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not sure what i am missing here..

every website suggests creating this reg key:


as DWORD and setting its value to 0xFFFFFFFF

i've done this, but when i reboot, my NIC adapter still shows IPV6 enabled.

since i have 64bit version, i also tried setting this value as QWORD. what am i missing here?

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up vote 3 down vote accepted

Just because it's turned off in registry doesn't mean your check box on NIC will dissapear. It just means it's disabled. Just to be sure I usually do it in both places (in registry and NIC properties). For Windows 7 however doing it on NIC properties should be enough, but for Exchange 2010 (as a side note) it brings Windows Server to knees.

Couple of ways to disable IPv6 completely (just for answer completeness):

  • Run this from command prompt reg add hklm\system\currentcontrolset\services\tcpip6\parameters /v DisabledComponents /t REG_DWORD /d 255 and then reboot.
  • Run this Microsoft Fixit utility

Some helpful links:

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ok, how can i verify my registry change worked? and should i be using DWORD in 64bit windows? – Sonic Soul Dec 4 '10 at 22:33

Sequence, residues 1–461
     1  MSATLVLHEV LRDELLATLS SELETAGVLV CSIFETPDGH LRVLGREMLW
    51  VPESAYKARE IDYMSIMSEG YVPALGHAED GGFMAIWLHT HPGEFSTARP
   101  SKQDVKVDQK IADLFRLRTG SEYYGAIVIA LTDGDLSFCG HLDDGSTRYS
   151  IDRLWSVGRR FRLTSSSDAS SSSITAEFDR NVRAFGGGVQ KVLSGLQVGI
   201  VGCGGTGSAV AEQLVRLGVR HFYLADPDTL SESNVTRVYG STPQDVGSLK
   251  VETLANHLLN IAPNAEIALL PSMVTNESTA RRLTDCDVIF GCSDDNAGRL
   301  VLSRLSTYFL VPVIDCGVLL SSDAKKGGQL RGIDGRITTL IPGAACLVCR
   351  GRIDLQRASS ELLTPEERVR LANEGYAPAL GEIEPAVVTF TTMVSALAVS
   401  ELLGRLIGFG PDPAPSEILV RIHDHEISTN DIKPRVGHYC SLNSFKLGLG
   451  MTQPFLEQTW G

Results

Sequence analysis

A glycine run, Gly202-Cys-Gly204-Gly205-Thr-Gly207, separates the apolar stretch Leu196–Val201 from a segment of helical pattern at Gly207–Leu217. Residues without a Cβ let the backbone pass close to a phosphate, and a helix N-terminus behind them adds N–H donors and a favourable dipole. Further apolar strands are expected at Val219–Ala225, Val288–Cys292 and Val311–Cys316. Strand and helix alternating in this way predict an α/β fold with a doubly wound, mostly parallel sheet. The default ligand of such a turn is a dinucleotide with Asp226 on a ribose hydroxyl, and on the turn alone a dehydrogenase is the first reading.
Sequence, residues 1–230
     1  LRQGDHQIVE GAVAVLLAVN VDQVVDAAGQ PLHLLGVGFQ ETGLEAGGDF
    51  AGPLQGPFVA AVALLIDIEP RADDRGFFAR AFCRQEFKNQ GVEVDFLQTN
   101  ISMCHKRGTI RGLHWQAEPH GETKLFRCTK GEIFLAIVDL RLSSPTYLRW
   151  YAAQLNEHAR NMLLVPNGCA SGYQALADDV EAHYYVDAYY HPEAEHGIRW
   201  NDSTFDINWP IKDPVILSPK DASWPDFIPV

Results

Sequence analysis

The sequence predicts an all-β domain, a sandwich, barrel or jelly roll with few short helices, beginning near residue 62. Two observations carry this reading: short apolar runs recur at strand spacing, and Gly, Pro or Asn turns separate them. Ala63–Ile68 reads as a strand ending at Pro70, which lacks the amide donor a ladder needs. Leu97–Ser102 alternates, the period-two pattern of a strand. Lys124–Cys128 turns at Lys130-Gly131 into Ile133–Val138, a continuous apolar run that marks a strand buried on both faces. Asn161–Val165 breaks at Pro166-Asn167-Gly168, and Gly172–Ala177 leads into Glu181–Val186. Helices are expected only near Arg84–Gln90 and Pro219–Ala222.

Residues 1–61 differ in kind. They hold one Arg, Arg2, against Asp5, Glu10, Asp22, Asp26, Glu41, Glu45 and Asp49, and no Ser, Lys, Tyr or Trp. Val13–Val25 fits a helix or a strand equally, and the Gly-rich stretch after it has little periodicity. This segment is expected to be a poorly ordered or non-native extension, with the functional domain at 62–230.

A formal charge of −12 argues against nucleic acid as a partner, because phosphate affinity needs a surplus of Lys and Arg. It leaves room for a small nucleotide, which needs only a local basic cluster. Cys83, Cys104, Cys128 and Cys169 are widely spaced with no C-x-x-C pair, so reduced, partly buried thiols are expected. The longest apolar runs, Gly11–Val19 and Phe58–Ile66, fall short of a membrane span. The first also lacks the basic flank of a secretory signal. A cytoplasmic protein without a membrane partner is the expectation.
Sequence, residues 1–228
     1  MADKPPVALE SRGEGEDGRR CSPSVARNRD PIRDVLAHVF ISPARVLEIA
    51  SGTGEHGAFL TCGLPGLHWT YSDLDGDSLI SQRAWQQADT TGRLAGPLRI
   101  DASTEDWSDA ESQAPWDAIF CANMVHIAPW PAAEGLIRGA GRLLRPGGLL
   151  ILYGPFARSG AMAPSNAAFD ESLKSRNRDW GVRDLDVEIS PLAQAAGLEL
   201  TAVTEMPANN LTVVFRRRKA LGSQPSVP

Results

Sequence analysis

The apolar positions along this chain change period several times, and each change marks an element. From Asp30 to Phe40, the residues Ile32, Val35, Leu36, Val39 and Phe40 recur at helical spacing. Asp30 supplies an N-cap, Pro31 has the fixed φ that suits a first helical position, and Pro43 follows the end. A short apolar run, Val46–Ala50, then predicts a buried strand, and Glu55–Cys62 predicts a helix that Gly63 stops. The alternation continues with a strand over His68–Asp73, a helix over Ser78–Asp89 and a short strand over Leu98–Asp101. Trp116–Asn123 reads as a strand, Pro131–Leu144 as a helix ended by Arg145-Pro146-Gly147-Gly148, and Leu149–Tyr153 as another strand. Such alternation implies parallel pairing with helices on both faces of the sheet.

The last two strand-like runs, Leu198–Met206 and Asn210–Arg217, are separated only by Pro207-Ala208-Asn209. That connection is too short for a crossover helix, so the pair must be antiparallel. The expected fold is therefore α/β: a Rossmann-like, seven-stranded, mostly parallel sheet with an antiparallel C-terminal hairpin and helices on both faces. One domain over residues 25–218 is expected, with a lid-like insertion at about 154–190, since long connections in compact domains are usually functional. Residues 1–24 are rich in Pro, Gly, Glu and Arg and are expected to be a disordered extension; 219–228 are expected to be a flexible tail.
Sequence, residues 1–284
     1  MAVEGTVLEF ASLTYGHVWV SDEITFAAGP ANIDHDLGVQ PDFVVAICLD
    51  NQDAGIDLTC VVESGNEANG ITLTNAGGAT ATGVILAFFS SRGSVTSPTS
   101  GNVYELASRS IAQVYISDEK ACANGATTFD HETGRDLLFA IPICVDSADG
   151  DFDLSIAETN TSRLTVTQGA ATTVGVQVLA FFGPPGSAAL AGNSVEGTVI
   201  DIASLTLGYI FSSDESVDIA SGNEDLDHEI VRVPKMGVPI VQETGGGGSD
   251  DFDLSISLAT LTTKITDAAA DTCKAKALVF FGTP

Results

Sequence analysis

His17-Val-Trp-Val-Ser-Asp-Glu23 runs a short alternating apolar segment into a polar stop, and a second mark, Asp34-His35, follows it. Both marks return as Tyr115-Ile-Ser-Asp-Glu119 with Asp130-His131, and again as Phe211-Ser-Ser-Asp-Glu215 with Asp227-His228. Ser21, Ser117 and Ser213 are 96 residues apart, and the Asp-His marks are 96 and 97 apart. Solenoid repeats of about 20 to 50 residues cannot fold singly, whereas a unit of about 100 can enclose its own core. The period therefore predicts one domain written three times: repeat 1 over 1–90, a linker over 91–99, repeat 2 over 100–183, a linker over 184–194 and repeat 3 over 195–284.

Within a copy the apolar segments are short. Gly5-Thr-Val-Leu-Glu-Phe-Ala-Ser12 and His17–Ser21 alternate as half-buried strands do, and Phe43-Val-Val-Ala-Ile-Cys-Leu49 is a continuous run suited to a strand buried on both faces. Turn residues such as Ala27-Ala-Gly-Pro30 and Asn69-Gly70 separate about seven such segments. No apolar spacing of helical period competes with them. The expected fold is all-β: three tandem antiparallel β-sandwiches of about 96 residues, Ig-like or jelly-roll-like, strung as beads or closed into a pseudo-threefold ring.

Running this from prompt should do it: reg add hklm\system\currentcontrolset\services\tcpip6\parameters /v DisabledComponents /t REG_DWORD /d 255 but it's exactly as you already did it. You could verify it with ipconfig /all in cmd window. – MadBoy Dec 4 '10 at 22:37
ipconfig -all doesn't say anything about ipv6.. also should be using DWORD (32bit) value in 64bit windows? or QWORD ? – Sonic Soul Dec 4 '10 at 22:40 here's a good link to get you thru. When i did ipconfig /all on my machine it shows: Link-local IPv6 Address . . . . . : fe80::4c50:ae33:88df:5fae%12, IPv4 Address. . . . . . . . . . . : – MadBoy Dec 4 '10 at 22:44
See the "applies to" section of that MS link I posted, DWORD 32bit applies to 64bit versions also. – Moab Dec 5 '10 at 3:42

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